In a recent issue of Haematologica, Lucena-Araujo and co-workers report that the germline variation rs1042522 in TP53, which encodes either proline (72Pro) or arginine (72Arg), influences the risk of de novo acute myeloid leukemia (AML) development and overall survival (OS).1 This stems from a case-control study of patients and healthy volunteers from Brazil. In comparing the frequency of the rs1042522 genotype in 198 AML cases and 224 age- and sex-matched controls with no history of hematological disease, the homozygous 72Pro status was reported to be associated with 2.06 increased AML risk. Genotyping was performed by the polymerase chain reaction restriction fragment length polymorphism (RFLP) method. Peripheral blood was used as DNA source material in healthy volunteers, but the source was not specified for the patients. Importantly, no deviation from Hardy-Weinberg equilibrium (HWE) was detected in patients or controls groups. Univariate survival analysis (n= 119, 63%), after exclusion of patients who did not receive conventional chemotherapy, revealed a 41% decreased risk of death from AML (hazard ratio [HR] 0.59, 95% CI 0.37 to 0.95) for patients with homozygous 72Pro resulting in a significantly higher calculated 5-year OS rate (42%) compared to the other genotypes (12%; P=0.031). This survival benefit was not apparent in multivariate analysis where also established risk factors like age and cytogenetic risk groups failed to show significant associations. The median follow up for the entire cohort was 135 days.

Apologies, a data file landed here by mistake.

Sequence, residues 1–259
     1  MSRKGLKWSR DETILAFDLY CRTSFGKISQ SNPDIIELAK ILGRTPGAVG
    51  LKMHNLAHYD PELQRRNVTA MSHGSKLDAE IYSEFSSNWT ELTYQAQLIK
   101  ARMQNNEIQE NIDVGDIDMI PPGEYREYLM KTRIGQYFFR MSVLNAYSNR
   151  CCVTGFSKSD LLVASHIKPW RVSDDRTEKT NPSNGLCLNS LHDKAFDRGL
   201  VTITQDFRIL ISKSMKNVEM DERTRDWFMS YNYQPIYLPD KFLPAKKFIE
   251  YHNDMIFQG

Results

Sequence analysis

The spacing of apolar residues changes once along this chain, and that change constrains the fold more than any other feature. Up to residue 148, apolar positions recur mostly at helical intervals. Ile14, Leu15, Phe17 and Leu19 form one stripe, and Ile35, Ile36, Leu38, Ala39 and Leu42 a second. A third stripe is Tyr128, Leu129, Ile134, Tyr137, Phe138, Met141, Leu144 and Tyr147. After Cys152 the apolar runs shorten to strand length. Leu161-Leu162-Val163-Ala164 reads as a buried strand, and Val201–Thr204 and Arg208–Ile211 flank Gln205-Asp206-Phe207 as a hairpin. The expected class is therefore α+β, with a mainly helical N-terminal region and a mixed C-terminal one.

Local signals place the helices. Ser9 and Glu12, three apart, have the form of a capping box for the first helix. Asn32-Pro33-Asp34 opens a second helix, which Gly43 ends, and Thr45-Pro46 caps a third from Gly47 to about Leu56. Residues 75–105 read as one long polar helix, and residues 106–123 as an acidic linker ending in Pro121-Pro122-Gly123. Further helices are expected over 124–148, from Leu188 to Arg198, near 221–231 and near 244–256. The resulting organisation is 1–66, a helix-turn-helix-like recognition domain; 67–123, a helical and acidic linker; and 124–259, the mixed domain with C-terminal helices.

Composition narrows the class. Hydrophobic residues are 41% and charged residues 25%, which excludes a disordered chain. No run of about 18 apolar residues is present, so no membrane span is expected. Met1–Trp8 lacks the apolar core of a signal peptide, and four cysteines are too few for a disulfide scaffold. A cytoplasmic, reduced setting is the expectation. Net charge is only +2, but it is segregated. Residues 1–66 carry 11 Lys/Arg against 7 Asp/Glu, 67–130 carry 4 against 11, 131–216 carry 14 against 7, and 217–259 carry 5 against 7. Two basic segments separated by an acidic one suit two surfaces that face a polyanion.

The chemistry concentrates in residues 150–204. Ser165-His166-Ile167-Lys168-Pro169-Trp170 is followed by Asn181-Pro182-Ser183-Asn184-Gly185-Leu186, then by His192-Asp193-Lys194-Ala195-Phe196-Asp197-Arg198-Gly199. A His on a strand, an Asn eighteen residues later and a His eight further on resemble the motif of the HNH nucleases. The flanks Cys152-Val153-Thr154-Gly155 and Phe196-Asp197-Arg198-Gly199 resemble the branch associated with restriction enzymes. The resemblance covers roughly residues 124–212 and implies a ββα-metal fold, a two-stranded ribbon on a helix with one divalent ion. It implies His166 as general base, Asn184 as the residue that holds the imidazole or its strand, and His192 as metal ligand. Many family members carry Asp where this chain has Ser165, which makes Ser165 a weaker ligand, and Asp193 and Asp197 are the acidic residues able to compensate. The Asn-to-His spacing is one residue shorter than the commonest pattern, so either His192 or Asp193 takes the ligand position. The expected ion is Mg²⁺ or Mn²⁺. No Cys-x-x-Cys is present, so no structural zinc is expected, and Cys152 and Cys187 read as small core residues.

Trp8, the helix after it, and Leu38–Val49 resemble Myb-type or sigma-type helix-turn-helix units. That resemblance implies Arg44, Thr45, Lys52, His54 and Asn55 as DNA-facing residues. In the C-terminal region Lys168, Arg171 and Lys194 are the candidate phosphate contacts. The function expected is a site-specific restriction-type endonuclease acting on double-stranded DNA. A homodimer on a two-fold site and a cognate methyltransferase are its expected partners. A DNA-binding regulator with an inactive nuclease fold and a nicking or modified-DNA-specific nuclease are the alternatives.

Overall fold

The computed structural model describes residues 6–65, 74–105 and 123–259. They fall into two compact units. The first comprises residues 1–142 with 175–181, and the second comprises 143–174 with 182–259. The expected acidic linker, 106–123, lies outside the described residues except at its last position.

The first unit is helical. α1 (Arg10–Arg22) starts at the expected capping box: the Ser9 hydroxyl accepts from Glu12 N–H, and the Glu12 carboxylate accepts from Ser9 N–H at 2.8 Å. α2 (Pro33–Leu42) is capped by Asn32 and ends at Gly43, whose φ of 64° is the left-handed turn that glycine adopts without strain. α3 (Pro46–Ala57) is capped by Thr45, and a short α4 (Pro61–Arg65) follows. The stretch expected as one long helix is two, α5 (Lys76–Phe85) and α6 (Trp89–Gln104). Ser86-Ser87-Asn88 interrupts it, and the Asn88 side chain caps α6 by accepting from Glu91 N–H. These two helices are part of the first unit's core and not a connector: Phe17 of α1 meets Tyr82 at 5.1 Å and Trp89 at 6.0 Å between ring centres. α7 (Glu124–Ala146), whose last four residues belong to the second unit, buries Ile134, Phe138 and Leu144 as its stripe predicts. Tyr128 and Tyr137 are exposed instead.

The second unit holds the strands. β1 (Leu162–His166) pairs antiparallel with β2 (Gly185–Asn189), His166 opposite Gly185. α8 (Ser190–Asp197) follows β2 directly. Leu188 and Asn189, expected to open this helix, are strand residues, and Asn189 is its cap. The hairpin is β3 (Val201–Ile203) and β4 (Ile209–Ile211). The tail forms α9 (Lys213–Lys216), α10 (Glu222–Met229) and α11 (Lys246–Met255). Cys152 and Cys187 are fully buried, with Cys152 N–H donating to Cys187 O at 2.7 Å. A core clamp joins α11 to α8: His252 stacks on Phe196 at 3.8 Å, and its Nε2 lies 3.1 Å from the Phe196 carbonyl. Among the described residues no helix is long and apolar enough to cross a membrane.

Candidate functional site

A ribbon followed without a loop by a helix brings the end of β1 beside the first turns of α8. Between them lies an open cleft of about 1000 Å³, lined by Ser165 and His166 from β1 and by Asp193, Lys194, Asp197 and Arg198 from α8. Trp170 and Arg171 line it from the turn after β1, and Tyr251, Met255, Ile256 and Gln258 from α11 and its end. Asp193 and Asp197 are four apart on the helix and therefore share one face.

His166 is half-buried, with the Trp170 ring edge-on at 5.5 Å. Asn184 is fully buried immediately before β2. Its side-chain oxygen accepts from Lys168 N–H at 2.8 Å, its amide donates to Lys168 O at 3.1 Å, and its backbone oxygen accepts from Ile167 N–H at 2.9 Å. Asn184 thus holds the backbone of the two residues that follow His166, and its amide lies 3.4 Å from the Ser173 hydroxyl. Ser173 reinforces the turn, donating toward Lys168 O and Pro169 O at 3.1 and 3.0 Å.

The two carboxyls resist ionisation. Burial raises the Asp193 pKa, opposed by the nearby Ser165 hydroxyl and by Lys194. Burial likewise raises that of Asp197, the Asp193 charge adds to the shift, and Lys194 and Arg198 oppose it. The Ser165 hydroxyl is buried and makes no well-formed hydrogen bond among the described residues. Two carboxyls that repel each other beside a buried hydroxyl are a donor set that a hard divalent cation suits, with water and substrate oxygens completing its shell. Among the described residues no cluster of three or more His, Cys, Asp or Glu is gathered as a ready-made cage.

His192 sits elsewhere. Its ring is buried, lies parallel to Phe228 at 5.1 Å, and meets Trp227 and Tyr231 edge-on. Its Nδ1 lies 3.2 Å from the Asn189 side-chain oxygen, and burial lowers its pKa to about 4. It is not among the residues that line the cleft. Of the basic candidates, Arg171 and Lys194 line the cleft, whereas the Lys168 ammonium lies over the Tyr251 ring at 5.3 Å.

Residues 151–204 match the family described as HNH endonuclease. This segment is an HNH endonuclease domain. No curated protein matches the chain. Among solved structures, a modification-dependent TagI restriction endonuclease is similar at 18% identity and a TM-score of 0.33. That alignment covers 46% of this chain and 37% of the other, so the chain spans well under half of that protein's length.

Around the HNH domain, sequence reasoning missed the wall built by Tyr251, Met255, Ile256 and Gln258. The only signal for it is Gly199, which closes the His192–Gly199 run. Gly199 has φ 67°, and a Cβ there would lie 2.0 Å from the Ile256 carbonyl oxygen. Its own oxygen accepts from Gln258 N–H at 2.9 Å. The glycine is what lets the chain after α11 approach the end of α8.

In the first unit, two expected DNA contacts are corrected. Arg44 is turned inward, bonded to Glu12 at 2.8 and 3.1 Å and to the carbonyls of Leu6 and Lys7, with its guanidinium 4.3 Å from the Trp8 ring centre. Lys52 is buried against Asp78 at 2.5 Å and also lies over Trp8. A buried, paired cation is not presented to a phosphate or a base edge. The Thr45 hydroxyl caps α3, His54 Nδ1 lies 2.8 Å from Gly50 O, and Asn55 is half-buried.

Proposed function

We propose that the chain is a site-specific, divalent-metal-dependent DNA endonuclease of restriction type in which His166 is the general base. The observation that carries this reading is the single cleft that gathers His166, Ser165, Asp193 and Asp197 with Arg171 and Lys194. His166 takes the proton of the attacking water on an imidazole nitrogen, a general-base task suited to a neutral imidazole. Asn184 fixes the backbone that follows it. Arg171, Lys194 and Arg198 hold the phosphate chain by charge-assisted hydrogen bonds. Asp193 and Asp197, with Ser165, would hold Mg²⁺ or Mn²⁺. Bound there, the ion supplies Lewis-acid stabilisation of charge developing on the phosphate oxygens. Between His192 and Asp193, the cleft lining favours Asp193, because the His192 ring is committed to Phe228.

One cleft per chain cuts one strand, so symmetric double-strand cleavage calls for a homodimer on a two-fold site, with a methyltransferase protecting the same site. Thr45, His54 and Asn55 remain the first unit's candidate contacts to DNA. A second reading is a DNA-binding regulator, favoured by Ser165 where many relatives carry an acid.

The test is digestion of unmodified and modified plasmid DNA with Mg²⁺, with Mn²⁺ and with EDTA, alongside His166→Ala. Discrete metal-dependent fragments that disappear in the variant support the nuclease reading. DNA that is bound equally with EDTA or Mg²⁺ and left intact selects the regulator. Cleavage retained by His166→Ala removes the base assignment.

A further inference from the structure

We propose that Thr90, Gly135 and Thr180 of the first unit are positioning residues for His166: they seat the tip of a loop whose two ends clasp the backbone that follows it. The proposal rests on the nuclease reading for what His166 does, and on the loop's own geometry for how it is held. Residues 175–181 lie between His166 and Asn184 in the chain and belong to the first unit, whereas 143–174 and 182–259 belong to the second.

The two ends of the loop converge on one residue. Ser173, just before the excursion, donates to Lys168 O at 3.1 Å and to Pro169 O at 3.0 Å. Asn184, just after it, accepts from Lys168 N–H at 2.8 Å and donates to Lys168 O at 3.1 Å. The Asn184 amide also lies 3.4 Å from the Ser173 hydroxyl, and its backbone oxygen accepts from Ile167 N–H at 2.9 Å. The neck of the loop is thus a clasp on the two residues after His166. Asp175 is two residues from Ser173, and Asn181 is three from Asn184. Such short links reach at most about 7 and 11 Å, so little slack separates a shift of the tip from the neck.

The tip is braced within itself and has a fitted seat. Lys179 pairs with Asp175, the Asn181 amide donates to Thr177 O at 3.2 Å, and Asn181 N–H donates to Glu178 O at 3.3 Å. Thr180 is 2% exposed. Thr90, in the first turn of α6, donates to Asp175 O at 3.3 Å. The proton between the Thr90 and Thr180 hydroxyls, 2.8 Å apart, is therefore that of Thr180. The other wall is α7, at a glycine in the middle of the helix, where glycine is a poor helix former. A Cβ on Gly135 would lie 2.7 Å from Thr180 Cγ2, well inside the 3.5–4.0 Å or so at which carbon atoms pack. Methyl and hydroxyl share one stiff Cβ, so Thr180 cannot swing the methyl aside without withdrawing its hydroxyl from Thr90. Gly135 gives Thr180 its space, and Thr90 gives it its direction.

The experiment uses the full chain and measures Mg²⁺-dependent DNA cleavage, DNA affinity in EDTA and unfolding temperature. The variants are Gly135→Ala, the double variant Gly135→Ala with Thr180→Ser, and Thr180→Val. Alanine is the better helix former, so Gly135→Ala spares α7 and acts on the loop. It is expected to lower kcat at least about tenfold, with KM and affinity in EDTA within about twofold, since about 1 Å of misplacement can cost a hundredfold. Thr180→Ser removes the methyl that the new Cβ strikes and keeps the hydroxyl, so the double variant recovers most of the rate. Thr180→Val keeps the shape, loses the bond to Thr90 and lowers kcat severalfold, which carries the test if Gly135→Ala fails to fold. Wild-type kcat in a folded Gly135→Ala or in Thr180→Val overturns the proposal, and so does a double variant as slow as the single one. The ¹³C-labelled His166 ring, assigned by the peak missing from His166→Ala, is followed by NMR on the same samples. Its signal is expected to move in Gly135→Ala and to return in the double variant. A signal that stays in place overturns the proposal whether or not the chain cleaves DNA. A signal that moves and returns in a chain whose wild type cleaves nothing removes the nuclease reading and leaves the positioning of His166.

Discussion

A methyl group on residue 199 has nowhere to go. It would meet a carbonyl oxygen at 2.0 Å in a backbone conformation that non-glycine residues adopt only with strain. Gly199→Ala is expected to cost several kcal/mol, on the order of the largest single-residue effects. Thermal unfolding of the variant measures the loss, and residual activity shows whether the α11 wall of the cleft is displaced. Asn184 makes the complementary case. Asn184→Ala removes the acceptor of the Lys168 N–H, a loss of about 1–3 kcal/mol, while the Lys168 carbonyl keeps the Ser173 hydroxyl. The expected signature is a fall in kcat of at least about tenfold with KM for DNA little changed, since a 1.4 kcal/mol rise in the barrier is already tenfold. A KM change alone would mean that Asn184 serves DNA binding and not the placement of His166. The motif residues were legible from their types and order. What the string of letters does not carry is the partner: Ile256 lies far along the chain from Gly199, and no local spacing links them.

Following an analysis of the TP53 Pro72Arg SNP in patients with therapy-related AML,2 we have very recently performed a case-control study of 215 de novo AML patients and 3759 controls from Austria and Germany.3 Constitutional DNA from buccal swabs or saliva was used for genotyping of rs1042522 by the TaqMan SNP Genotyping Assay whereby more than 10% of each patient cohort were also genotyped by direct sequencing. No deviation from HWE was detected in any group, and median follow up for all patients was 427 days for overall survival (OS), and 344 days for relapse free survival (RFS). We did not find any evidence to support rs1042522 as a risk factor of de novo AML development and survival; the latter could be assessed in 186 patients who were treated by standard induction and consolidation therapy, including allogeneic stem cell transplantation, according to European LeukemiaNet (ELN) risk groups. Known risk factors such as age and ELN risk groups, but not rs1042522 status, were found to influence survival in univariate and multivariable analyses comparable to previous published studies.
How can these obviously conflicting results be explained? There are major differences between both studies which we think must be addressed. Most importantly, the difference with respect to the risk of AML is due to the genetic background of the study populations, which is mixed in the Brazilian study according to Bezerra et al., whereas almost only Caucasians participated in our study. Consequently, genotype frequencies are highly significantly different between both cohorts (Table 1). It is possible that other, yet unknown genetic and environmental modifiers linked to certain population backgrounds, might further modulate the risk of AML caused by rs1042522. Evidence for such a population-specific risk can be found in a recent meta-analysis of 32 case-control studies involving 8,586 cases and 10,275 controls, which revealed an increased risk of colorectal cancer for Asian individuals with homozygous TP53 72Pro, but not for the overall population.4